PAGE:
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Springer v. Kiser

United States District Court, W.D. Virginia, Roanoke Division

August 31, 2017

LEVI SPRINGER, Plaintiff,
v.
WARDEN JEFFEREY KISER, et al., Defendants.

          Levi Springer, Pro Se Plaintiff.

          OPINION

          JAMES P. JONES UNITED STATES DISTRICT JUDGE

         The plaintiff, Levi Springer, a state inmate proceeding pro se, has filed a pleading that he styles as a “federal petition for habeas corpus on conditions of confinement.” Compl. 1, ECF No. 1. The petition names numerous Virginia Department of Corrections (“VDOC”) officials as respondents and complains that they have violated Springer's constitutional rights by failing to place him in “protective custody housing.” Id. at 3. For reasons explained herein, I construed the submission as a civil rights action under 42 U.S.C. § 1983 and directed the clerk's office to docket it as such. Springer has not prepaid the necessary filing fee to proceed with a civil rights action. Therefore, I also construe his submission as seeking to proceed in forma pauperis status. After review of his pleadings, I conclude that he does not qualify to do so, in light of his current allegations and his prior frivolous filings in this court. See 28 U.S.C. § 1915(g). Accordingly, I will summarily dismiss this lawsuit under § 1915(g).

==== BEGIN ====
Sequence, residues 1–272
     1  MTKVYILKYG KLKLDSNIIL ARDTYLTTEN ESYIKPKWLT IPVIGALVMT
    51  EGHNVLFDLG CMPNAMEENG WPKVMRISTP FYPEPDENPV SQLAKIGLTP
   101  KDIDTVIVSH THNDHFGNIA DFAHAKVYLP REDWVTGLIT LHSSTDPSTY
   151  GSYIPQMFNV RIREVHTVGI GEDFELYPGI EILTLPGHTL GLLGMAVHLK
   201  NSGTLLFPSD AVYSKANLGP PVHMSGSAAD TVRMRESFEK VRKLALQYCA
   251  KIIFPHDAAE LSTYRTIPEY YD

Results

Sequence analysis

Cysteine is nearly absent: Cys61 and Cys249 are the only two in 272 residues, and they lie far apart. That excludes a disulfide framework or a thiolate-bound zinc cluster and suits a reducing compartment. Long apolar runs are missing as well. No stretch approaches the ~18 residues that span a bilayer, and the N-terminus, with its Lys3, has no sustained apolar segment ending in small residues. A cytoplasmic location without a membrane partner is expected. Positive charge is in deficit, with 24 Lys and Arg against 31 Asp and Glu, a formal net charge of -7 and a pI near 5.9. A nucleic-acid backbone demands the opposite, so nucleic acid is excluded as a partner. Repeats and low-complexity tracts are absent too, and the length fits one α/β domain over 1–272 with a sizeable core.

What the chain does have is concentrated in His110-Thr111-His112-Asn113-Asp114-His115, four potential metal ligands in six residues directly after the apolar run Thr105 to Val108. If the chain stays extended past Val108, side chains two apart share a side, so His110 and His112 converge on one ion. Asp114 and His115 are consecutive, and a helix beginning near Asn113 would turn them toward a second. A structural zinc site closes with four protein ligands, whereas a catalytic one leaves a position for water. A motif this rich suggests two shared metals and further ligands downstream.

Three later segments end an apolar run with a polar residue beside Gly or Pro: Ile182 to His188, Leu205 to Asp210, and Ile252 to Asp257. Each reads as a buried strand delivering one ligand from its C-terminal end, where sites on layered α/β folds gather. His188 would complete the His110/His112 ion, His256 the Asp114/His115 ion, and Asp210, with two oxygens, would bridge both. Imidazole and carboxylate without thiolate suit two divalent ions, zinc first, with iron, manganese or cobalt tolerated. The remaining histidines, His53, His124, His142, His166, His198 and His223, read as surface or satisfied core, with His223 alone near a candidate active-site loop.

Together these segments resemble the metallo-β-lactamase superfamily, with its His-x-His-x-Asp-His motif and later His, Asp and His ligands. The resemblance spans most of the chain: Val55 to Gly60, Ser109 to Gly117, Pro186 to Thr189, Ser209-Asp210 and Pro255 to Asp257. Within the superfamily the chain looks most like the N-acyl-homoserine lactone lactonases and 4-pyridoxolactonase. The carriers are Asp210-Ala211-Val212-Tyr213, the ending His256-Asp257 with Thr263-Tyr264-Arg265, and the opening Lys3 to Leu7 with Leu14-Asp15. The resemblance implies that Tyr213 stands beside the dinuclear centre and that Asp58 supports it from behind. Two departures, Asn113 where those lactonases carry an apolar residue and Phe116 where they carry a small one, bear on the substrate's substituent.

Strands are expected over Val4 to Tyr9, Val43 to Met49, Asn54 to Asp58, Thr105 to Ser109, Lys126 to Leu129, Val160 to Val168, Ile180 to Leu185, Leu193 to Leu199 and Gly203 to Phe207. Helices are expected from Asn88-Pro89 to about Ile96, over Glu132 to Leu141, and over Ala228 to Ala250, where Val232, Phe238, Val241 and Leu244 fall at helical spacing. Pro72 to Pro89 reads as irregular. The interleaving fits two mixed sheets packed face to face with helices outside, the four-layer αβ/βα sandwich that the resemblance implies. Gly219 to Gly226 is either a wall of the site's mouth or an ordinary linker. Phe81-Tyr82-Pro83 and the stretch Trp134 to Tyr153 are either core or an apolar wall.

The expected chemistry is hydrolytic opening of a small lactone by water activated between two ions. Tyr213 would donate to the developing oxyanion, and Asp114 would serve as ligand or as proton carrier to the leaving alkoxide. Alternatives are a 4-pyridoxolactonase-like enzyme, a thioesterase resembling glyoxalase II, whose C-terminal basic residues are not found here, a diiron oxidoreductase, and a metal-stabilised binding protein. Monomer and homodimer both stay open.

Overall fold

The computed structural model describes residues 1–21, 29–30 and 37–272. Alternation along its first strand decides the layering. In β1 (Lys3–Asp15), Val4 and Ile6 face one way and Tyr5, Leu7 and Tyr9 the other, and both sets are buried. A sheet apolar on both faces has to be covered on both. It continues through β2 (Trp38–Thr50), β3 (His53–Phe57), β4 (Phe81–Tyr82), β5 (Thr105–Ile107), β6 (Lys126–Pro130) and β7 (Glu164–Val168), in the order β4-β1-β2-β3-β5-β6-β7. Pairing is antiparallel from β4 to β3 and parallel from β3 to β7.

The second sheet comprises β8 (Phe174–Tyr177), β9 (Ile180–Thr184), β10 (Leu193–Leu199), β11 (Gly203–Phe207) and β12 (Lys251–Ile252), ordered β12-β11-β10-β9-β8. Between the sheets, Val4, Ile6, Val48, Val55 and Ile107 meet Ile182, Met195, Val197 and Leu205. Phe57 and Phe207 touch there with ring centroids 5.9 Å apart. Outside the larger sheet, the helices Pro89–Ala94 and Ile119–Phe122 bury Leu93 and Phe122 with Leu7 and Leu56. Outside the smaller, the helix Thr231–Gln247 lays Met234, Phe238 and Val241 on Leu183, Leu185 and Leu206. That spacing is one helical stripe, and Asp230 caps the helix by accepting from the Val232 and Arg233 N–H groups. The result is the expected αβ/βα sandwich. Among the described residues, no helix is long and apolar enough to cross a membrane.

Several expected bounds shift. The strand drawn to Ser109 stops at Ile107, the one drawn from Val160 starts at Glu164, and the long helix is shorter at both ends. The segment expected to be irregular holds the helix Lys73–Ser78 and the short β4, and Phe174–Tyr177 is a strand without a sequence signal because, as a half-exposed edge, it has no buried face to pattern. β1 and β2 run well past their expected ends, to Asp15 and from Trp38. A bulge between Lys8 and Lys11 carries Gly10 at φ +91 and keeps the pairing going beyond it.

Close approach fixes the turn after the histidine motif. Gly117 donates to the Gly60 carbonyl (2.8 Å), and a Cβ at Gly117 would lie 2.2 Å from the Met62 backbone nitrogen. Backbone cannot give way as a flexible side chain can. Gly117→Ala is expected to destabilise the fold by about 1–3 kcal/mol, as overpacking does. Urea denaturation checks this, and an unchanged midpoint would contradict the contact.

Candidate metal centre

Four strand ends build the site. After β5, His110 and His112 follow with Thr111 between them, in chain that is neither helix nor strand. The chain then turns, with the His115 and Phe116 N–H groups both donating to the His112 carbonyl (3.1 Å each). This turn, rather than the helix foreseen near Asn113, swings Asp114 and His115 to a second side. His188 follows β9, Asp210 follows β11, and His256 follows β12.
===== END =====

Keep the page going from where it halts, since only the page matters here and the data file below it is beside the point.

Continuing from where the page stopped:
I.

         Springer frames his submission as a habeas corpus petition under § 2254, based on past state court proceedings. According to state court records, in October 2009, Springer pleaded nolo contendere in Buchanan County Circuit Court to assault and battery of a law enforcement official in Case No. CR09000503-00.

         The court sentenced him to three years and seven months in prison, to run consecutively to another sentence he is serving. Springer claims that pursuant to a Plea Agreement in this case, the Sentencing Order directed that Springer would be placed in “protective custody.” Springer Aff. 1, ECF No. 1-1.

When the original court order took [e]ffect on November 18, 2009 it was clear from [discussion with counsel and the court] that [Springer] at that time was not eligible to be placed immediately in protetctive custody housing due to the fact that under Virginia law in conjunction with [VDOC] Operating Procedures [he] would face approximately the next two years in administrative segregation for being found guilty in a [VDOC] disciplinary hearing for assault/battery of a staff member. [Springer] had to show stable adjustment by not commiting any serious offenses that would keep his status level at (5) and at the appropriate time during annual reviews [he] would be afforded the right of a due process hearing on protective custody housing.

Id. at 1-2. Springer remains in administrative segregation, allegedly because VDOC officials did not follow VDOC procedures to provide him a timely due process hearing on protective custody. Id. at 2.